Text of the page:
Were a foreigner to read American-history texts (and particularly a foreigner brought up, as the French are, to put Descartes before anyone else), he or she would have to conclude that American political life was completely mindless. For instance, the text report that Thoman Paine's Common Sense was an influential pamphlet without ever discussing what it says. (The fact that Paine was an internationalist who believed that the Revolution would spread back to Europe is another well-kept secret.) Similarly, they report that th Populists r resented rural interests, called for government ownership of railroads, and sounded more extreme than they actually were. Of the Populists' highly colored and wholly original view of the world they say nothing. (It is possible to imagine that the radicals of the sixties, such as Tom Hayden and Sam Brown, associated themselves with th Populist tradition because their American histories told them a lot about Robert La Follette and nothing about the rural, reactionary, Catholic-hating, Jew-baiting strain in the movement.) But it is not only radical or currently unfashionable ideas that the texts leave out - it is all ideas, including those of their heroes. In all the tests since Muzzey's, Henry Clay, John Calhoun, and Daniel Webster are stick figures deprived of speech. Even Thomas Jefferson and Alexander Hamilton are insubstantial, their ideas on government reduced to little more than a difference on the merits of a national bank. As for the Puritans, the texts manage to describe that most ideological of communities without ever saying what they believed in.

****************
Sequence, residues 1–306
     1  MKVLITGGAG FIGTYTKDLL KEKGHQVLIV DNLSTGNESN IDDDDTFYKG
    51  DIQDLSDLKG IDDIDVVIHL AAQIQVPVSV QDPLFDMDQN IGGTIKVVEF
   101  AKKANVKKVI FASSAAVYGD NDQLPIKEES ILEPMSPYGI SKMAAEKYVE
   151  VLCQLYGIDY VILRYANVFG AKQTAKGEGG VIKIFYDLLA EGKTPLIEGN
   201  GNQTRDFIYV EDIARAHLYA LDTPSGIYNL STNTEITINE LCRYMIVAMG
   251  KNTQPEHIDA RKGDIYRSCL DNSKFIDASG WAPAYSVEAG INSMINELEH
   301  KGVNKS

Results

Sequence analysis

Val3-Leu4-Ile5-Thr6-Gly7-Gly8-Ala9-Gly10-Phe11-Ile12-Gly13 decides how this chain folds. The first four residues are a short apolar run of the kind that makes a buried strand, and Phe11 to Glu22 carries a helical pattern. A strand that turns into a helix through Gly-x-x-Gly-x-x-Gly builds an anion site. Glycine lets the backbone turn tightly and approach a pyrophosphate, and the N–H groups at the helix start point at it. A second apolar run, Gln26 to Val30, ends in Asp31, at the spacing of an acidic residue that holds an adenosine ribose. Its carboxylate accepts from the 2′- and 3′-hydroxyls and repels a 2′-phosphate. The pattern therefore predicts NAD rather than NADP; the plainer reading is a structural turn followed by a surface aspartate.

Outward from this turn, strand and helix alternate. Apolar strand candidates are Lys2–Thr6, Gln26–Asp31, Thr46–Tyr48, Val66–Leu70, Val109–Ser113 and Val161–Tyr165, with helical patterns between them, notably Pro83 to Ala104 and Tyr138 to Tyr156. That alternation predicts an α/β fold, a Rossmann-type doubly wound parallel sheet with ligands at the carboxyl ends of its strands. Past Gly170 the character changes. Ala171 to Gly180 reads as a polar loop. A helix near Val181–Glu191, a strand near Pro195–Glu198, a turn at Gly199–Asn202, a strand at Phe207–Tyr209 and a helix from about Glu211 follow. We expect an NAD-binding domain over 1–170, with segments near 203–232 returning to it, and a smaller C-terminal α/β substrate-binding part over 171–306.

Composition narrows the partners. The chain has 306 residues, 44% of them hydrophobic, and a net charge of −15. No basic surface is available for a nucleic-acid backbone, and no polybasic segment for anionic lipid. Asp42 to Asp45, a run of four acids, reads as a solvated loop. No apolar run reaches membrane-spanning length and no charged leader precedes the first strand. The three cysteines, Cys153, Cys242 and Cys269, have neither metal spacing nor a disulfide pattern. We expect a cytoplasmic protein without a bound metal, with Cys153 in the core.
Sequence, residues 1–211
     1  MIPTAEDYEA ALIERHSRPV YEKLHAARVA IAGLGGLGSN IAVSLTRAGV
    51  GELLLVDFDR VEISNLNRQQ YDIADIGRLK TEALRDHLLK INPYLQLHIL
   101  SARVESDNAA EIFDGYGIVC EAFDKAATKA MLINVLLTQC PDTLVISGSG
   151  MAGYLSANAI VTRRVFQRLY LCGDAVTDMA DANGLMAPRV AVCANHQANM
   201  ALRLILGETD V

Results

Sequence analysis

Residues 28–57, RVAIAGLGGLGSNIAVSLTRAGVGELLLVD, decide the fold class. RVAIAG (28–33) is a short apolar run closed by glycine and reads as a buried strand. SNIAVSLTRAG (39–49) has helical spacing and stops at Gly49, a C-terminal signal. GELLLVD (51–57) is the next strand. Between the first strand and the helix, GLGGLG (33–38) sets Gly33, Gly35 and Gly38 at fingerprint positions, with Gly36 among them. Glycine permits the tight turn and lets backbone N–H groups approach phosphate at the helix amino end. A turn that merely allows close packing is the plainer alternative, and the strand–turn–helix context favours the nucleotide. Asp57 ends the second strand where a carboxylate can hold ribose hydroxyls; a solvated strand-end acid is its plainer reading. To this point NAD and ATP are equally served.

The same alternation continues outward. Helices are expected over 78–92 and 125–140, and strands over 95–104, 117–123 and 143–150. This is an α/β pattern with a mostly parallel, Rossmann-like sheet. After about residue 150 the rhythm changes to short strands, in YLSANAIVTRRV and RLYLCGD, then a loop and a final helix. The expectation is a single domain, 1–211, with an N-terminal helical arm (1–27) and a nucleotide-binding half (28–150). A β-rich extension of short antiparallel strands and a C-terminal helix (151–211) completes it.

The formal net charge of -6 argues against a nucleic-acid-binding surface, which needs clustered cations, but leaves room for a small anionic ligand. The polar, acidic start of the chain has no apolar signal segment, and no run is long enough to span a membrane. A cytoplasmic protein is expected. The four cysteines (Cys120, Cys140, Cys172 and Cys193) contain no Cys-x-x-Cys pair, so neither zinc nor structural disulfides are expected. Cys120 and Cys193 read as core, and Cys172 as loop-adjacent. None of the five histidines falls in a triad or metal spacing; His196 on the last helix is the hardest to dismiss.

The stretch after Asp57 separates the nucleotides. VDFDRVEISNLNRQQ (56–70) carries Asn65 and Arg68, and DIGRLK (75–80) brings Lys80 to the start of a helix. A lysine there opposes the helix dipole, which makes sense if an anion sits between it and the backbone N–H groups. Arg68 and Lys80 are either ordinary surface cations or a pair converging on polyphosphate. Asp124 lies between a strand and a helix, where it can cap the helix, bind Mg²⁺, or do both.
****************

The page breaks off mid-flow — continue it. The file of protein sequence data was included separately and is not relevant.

The lack of intellectual history in the texts has had some serious consequences, one of which is that students get a rather profound misunderstanding of the Constitution. In discussing that document, the textbooks have traditionally focussed on how it operates and what it has done. Their account of the Constitutional Convention is similarly functional - to the point where the final document appears merely a product of interest-group compromises, a masterpiece of political tinkering. Rarely have they mentioned the political philosophy of the Framers - since the thirties, in any case. Some fifties writers thus made no great break with tradition when they moved the Constitution with all of its modern amendments into the chapter on the Constitutional Convention and there discussed "the American system of government" as if it were a constant preserved in the National Bureau of standards. Current writers place the text at the back of the book and discuss the constitutional amendments in their proper historical contexts, indicating that the American system has changed to some degree.But since they still do not ground the original document in the political philosophy of the period, they run the opposite risk of making the document appear no more than a collection of rules and regulations - a kind of Rube Goldberg machine, any part of which could be altered to fit circumstances without changing the sense of the whole. In addition to missing the spirit of thelaw, the texts have surely missed the spirit of American politics by their neglect of intellectual history. The United States has not been - is not yet - a land of philosophers, but it is essentially one of visionaries. People such as Cotton Mather, W. E. B. Du Bois, Henry Ford, and Emma Goldman have given the country its real life force. To deny their visions is to drain the soul out of American history.